The authors, co-founders of a woman-owned and operated firm, note that while women-owned businesses comprise almost 40 percent of privately owned businesses in the United States, and more women attend law school than men, the legal industry still has a gender imbalance when it comes to who has a seat at the table. Their goal in founding the firm was to provide high quality legal service where attorneys have the ability to succeed professionally while sustaining a fulfilling personal life and contributing to the community. They decided to forgo origination credit, which they’d observed causing dissension in their former firm. They were early adopters of work-from-home options, which they called “law-on-the-go” and incorporated into their business model. That gave them a head start when the pandemic struck.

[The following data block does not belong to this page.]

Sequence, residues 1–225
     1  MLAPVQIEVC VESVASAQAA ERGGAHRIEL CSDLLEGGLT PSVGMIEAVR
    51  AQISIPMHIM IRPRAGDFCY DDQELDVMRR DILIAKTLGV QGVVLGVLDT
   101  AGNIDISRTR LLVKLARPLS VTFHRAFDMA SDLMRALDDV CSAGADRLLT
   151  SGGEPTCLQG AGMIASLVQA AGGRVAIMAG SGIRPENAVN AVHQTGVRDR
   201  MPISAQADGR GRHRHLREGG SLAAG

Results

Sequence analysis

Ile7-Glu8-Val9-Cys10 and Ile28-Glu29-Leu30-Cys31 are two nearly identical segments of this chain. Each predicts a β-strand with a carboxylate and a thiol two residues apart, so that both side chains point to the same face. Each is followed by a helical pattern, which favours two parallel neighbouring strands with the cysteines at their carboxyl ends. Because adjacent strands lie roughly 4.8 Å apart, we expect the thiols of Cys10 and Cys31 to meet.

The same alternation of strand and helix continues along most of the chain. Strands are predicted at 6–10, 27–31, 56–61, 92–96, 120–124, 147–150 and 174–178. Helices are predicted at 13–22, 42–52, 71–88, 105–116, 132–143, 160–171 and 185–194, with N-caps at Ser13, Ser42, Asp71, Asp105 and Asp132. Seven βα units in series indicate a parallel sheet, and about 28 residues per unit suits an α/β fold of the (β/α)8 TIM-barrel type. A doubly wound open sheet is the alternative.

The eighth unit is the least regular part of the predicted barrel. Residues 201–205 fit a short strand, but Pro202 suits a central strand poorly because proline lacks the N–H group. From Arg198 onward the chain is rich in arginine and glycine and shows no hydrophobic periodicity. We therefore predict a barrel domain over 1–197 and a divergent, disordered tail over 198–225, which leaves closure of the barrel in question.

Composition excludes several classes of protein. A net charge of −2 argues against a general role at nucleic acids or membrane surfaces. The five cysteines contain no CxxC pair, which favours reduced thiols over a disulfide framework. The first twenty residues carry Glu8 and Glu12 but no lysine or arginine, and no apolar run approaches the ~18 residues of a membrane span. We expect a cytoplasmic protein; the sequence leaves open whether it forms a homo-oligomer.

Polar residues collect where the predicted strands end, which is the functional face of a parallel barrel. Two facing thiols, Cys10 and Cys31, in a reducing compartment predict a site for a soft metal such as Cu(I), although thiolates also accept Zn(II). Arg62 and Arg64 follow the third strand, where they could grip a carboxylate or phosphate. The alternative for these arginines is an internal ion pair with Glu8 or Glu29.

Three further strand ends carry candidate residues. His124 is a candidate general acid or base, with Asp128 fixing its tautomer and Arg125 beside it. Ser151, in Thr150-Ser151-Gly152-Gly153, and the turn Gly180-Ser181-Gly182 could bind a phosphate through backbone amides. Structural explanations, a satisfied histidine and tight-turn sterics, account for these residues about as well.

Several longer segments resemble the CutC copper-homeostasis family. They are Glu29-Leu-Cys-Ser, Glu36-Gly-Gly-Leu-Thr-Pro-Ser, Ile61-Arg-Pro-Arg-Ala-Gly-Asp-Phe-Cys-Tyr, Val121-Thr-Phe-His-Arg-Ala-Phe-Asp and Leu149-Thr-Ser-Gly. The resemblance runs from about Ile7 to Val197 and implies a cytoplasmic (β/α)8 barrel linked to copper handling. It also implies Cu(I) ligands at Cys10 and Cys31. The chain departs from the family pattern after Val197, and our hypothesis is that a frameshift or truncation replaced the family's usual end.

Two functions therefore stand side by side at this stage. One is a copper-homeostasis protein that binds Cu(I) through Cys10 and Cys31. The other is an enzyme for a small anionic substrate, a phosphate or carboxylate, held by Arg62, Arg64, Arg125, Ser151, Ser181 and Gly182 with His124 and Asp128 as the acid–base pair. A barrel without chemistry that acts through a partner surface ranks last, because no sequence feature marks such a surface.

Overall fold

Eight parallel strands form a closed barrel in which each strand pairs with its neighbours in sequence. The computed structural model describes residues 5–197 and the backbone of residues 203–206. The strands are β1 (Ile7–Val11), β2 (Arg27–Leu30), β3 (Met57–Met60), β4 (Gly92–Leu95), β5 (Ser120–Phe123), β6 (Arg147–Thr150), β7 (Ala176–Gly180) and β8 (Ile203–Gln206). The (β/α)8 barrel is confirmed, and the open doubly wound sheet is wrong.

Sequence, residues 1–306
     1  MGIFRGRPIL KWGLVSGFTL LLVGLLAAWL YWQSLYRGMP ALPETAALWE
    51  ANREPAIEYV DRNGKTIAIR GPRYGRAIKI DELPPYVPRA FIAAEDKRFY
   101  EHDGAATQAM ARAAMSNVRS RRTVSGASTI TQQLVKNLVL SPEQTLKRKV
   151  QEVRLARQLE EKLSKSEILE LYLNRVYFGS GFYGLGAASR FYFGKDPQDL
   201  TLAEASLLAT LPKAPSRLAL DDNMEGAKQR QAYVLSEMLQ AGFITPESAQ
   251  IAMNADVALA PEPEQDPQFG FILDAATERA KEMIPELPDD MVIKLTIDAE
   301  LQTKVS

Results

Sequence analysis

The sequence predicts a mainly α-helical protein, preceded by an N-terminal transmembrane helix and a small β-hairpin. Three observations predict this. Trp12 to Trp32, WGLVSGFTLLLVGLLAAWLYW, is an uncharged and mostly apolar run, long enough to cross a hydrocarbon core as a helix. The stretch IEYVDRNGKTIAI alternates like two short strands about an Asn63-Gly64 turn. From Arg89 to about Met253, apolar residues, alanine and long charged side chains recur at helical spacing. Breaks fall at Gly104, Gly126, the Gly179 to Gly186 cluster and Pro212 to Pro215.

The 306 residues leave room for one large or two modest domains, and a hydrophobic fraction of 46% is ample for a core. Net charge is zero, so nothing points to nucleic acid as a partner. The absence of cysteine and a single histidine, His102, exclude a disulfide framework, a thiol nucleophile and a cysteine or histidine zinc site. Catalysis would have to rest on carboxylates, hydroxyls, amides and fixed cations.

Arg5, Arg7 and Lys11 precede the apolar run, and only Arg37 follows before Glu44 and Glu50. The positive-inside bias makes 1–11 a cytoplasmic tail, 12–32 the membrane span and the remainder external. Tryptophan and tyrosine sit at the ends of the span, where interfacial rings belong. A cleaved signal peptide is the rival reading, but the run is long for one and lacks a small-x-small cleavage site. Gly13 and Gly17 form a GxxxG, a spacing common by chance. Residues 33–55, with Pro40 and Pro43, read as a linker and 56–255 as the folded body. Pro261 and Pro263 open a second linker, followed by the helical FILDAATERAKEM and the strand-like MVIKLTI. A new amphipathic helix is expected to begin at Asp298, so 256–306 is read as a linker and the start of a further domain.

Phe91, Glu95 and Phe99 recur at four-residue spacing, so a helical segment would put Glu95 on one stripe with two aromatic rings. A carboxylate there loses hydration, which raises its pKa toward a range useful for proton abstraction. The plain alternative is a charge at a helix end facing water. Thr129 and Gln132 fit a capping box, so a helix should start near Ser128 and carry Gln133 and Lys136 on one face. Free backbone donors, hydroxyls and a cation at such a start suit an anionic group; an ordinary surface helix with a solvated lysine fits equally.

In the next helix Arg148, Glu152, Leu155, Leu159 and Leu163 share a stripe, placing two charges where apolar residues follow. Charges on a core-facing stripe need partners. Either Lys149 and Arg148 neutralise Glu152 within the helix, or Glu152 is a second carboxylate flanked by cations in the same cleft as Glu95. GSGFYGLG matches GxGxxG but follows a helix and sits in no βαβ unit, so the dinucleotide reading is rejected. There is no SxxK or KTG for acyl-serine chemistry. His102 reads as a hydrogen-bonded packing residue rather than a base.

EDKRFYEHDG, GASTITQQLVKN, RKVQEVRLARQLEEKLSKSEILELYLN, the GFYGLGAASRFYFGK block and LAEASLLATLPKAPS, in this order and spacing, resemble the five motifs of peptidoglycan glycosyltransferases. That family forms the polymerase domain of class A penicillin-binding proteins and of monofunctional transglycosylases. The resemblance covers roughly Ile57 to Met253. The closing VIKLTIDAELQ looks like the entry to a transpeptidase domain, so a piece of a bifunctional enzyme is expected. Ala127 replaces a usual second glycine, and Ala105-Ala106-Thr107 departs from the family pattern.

There are many more women practicing now than when they started, in 2010, but women lawyers are still sometimes subjected to bullying, harassment and aggressive behavior, even from judges. One of their junior associates received so many unwelcome overtures from opposing counsel that she started wearing a costume engagement ring to court to ward off salacious comments.
Despite the challenges the authors faced due to gender, they are hopeful looking ahead. Inclusion, diversity and equity are at the forefront, and the overall number of women in the legal profession is rising yearly, both within law firms and in-house departments.